Editor’s Note: This article was written by former ADV author and editor-in-chief Iva Kopraleva.
A number of IR scholars have analysed the popular book series A Song of Ice and Fire and, respectively, the TV adaptation Game of Thrones (GoT), from different angles and through different theoretical lenses. While realists focus on the problems of state sovereignty, border issues and economy, constructivists emphasize the role of norms, traditions and social relations between the characters. This scholarly interest is completely understandable when we consider the importance of politics for the story line of the series. George R. R. Martin managed to create a fictional but, at the same time, extremely complex world which provokes people passionate about international relations to ask questions. So here is mine: What is the role of women in the politics of Game of Thrones?
Warning: the text below contains spoilers.
At first glance the women in the book/TV series are clearly inferior men. Females are supposed to be weak and in need of protection from the opposite sex, their duty is to be obedient and to follow men’s orders without question. Even a powerful female character such as Cersei suffers from being a woman in an environment dominated by males. In the beginning of the story Daenerys is completely dependent on her brother. Brienne is constantly mocked for not being feminine enough and the fact that she can swing a sword better than most men does not win her the respect a male with her skills would enjoy. At Winterfell septa Mordane pressures Arya into being more lady-like even though the girl is clearly more interested in weapons than in gowns. Sansa lives in a dream world filled with knights and songs. She actually enjoys the thought of having a man by her side to protect her. Even Catelyn, whose husband loves and respects her enormously, has a clearly inferior position in Winterfell, the lord is the one who makes the decision, the most she can do is advise him. To sum up, women have very little room for independent action in the beginning of the story which limits their participation in the political life of Westeros.
As the story progresses, however, almost all female characters evolve in a way which emancipates them from men and allows them to become active decision-makers and to play the Game of Thrones themselves. Daernerys is freed both from her brother and from the khal she was forced to marry. In addition she is fortunate enough to have her dragons, which makes her one of the most powerful actors in the political scene of GoT. Cersei’s husband also dies which increases her power in the court enormously. Subsequently, when Jofrey and lord Tywin are killed as well, she becomes even more independent in her actions. Arya overcomes a series of challenges after she runs away from King’s Landing. She learns to take care of herself and not to rely on male protection. Even lady Lysa rules her castle singlehandedly after the death of her husband.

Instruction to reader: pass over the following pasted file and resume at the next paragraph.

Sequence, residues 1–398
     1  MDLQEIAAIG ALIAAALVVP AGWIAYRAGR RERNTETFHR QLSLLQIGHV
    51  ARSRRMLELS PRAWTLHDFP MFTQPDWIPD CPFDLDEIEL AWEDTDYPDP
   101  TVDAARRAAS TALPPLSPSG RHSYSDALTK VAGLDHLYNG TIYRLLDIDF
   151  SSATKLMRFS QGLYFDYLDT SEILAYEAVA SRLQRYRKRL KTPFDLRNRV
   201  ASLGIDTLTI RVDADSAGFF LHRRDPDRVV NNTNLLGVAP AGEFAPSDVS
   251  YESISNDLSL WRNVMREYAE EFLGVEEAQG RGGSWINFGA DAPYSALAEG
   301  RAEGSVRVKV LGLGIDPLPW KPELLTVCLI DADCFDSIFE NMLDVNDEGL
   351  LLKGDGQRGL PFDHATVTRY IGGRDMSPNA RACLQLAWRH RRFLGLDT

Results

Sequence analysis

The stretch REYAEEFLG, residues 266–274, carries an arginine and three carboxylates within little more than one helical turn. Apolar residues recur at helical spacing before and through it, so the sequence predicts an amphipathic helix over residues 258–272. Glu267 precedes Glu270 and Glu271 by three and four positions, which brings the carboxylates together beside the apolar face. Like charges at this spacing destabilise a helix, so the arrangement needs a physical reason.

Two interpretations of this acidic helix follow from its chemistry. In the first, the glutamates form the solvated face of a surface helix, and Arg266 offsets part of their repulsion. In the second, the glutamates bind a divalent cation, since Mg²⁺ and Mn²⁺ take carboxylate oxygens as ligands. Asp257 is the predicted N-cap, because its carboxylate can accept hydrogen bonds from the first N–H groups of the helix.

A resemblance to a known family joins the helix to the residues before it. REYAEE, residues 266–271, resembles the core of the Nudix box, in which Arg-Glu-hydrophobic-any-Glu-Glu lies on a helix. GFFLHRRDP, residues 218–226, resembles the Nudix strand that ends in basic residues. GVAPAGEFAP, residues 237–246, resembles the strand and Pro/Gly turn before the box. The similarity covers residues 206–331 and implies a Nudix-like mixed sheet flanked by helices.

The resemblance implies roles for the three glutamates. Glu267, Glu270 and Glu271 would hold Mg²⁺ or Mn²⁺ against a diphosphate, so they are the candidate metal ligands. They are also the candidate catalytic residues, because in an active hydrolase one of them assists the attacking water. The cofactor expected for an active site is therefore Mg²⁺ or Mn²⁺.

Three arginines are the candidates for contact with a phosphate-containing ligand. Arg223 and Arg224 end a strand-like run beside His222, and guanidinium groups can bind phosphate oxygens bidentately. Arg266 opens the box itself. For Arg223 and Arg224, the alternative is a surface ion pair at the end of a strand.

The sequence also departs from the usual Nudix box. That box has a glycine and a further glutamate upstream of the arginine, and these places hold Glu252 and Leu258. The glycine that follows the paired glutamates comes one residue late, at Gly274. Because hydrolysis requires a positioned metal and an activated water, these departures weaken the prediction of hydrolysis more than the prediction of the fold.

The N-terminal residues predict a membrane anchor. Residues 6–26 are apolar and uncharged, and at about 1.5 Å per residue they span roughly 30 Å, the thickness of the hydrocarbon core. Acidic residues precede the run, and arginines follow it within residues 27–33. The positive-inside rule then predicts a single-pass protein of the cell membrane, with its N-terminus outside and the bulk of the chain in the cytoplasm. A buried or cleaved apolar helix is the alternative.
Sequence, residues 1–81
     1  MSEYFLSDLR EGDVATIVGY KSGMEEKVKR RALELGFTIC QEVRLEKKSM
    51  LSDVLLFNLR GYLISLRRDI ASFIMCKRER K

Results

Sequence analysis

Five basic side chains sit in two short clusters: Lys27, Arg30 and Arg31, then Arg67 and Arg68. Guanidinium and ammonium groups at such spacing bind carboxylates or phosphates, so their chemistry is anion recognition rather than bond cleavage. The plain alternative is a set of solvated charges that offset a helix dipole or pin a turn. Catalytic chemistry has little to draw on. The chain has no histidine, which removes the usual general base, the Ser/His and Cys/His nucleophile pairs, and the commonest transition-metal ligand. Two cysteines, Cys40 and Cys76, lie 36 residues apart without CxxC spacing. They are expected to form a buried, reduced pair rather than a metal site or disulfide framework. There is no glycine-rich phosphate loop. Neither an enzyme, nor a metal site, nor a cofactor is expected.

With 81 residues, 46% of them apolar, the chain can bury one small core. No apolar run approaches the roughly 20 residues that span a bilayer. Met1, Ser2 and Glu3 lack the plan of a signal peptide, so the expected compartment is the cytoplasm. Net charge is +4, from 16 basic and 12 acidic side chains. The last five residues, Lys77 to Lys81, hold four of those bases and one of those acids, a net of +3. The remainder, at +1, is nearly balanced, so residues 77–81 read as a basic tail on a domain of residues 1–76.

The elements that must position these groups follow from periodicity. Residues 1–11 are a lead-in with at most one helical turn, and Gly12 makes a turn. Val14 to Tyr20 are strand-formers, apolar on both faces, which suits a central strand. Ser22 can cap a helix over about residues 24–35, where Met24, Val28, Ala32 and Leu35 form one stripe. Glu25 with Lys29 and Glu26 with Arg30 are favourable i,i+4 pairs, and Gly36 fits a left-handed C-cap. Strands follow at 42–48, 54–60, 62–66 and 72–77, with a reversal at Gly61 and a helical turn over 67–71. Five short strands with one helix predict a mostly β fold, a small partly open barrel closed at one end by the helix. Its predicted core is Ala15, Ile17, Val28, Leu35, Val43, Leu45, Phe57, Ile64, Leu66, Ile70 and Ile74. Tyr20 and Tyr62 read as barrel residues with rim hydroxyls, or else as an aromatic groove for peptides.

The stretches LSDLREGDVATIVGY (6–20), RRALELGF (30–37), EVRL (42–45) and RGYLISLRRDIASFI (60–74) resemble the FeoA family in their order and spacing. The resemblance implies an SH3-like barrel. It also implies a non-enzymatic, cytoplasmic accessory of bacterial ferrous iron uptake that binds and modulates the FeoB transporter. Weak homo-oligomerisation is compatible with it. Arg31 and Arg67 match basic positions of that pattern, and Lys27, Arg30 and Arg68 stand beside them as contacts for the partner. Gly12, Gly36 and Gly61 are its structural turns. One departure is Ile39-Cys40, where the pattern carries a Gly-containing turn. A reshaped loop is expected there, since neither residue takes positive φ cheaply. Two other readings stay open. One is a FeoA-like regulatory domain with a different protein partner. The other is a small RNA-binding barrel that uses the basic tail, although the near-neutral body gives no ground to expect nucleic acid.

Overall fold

Some new characters, introduced later on in the story, confirm this tendency of females becoming more and more emancipated. Melisandre, for example, has an enormous influence over Stannis and often his actions depend on what she sees in the flames. Ygritte is not dependent on any male authority whatsoever. Even when she falls in love with John Snow she is still convinced that he “know[s] nothing”. Asha Greyjoy seems to be better than her brother Theon in both war and politics and this is largely recognized in the Iron Islands.
Interestingly enough, the increased independence of women from the story is often accompanied by the death or at least the disappearance of their husbands, brothers, fathers and sons. It seems that the female characters in GoT become emancipated only when there is no male standing in their way. This is, of course, a conclusion based solely on fictional events which occur in a fantasy world. One could hardly argue that such a claim reflects reality in any conceivable way. And yet, both realist and constructivist scholars find the story compelling enough to serve as a testing ground for their theories. On the other hand, men still hold 80% of the elected and appointed political positions in the real world today. It is, therefore, not unreasonable to ask: Are women becoming political leaders only when there are no men standing in their way?
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